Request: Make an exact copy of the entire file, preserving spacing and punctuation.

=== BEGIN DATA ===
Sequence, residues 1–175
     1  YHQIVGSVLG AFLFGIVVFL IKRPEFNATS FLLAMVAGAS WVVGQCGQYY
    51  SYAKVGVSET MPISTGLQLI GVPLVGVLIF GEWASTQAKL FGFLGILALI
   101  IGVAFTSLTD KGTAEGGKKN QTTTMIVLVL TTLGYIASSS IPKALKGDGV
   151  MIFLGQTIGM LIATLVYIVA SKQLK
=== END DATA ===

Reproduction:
Sequence, residues 1–175
     1  YHQIVGSVLG AFLFGIVVFL IKRPEFNATS FLLAMVAGAS WVVGQCGQYY
    51  SYAKVGVSET MPISTGLQLI GVPLVGVLIF GEWASTQAKL FGFLGILALI
   101  IGVAFTSLTD KGTAEGGKKN QTTTMIVLVL TTLGYIASSS IPKALKGDGV
   151  MIFLGQTIGM LIATLVYIVA SKQLK